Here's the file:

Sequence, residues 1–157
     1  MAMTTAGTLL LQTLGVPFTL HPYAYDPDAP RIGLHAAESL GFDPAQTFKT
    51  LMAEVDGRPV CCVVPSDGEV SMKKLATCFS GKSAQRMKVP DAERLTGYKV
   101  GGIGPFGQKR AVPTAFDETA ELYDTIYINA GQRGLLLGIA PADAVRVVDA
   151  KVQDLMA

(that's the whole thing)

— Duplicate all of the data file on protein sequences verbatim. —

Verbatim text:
Sequence, residues 1–157
     1  MAMTTAGTLL LQTLGVPFTL HPYAYDPDAP RIGLHAAESL GFDPAQTFKT
    51  LMAEVDGRPV CCVVPSDGEV SMKKLATCFS GKSAQRMKVP DAERLTGYKV
   101  GGIGPFGQKR AVPTAFDETA ELYDTIYINA GQRGLLLGIA PADAVRVVDA
   151  KVQDLMA